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  1. SFGOON is offline
    SFGOON's Avatar

    and humble, too!

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    Posted On:
    9/30/2007 10:46pm


     Style: Systema, BJJ, Arrestling

    --
    Hell yeah! Hell no!
    But what if you don't want to kill the person, just nonviolently engage them? I would rather be mugged than harm a brother (or sister!) human being, who, out of oppression and desperation, tries to rob me and rape my wife. This is why aikido is great for self defense, and all handguns should be melted down and made into a shrine for world peace and understanding.
  2. AikiZenDragon is offline

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    Posted On:
    9/30/2007 11:25pm


     Style: Aikido

    --
    Hell yeah! Hell no!
    Quote Originally Posted by Virus
    "wrist grab", which means catching the punch out of the air like aikido, crapkido ect.

    well trying to describe physical movements verbally is tough... and i agree with you this is total bullshit, BUT this sequence might be better described as blocking/parrying the blow and trapping the arm leading into an arm/wrist control/grasp...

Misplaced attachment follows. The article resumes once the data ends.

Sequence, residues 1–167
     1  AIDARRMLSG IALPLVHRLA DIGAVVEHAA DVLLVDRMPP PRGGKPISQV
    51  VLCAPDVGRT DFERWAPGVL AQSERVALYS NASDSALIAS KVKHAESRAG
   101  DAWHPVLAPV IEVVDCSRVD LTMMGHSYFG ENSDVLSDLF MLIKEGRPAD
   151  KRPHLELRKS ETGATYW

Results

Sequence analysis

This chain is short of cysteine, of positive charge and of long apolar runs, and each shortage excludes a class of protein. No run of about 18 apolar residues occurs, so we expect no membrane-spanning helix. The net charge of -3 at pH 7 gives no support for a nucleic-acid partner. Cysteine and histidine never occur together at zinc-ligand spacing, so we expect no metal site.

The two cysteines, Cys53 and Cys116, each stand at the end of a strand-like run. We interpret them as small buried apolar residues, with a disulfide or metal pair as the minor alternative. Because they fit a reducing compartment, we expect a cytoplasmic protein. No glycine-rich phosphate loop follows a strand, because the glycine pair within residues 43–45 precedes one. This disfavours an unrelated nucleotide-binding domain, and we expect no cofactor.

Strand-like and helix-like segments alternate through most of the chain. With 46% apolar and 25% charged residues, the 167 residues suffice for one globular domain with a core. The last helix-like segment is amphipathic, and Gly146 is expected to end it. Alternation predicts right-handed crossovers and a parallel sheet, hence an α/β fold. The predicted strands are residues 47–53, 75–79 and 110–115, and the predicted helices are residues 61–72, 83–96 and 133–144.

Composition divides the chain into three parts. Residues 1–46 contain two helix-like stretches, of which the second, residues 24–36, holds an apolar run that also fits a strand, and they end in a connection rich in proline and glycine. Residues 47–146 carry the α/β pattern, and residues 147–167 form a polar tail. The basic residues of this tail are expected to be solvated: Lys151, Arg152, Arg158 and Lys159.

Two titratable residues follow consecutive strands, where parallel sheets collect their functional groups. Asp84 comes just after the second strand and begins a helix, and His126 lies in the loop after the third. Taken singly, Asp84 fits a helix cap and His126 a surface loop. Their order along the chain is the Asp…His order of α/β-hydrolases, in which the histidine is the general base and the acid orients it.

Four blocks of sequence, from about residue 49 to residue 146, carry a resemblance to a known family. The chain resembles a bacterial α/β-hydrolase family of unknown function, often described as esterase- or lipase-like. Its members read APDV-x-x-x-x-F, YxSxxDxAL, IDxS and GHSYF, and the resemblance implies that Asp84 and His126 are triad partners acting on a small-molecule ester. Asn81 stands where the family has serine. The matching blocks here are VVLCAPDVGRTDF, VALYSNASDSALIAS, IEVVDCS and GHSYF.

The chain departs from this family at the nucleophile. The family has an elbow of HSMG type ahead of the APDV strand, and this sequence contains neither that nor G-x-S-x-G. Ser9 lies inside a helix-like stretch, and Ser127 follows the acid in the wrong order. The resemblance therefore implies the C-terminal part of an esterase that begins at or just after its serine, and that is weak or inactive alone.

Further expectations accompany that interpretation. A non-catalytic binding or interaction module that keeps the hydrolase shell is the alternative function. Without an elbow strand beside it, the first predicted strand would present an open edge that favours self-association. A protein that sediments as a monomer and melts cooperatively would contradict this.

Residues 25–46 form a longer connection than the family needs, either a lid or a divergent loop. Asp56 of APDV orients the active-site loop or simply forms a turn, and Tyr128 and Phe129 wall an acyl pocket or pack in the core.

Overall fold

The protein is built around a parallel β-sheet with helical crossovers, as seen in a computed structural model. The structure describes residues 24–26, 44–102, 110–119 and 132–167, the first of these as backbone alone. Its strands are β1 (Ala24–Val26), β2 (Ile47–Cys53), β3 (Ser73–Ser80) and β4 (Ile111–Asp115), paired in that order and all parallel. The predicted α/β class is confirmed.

this is noobie mistake number one in aikido and some other arts... trying to reach out and pluck the arm/wrist in mid air... you see similar types of moves in JKD and FMA where the initial contact with the attack is not a grab but more establishing contact with the attacking arm or leg and then transitioning into some sort of grab or hold

    :occasion1
  3. Vince Tortelli is offline

    Light Heavyweight

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    Posted On:
    9/30/2007 11:28pm

    supporting member
     

    --
    Hell yeah! Hell no!
    Wasn't it one of these "make contact with attacking arm or leg" moves that got Randy Couture's arm broken against Napao?
  4. AikiZenDragon is offline

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    Posted On:
    9/30/2007 11:46pm


     Style: Aikido

    --
    Hell yeah! Hell no!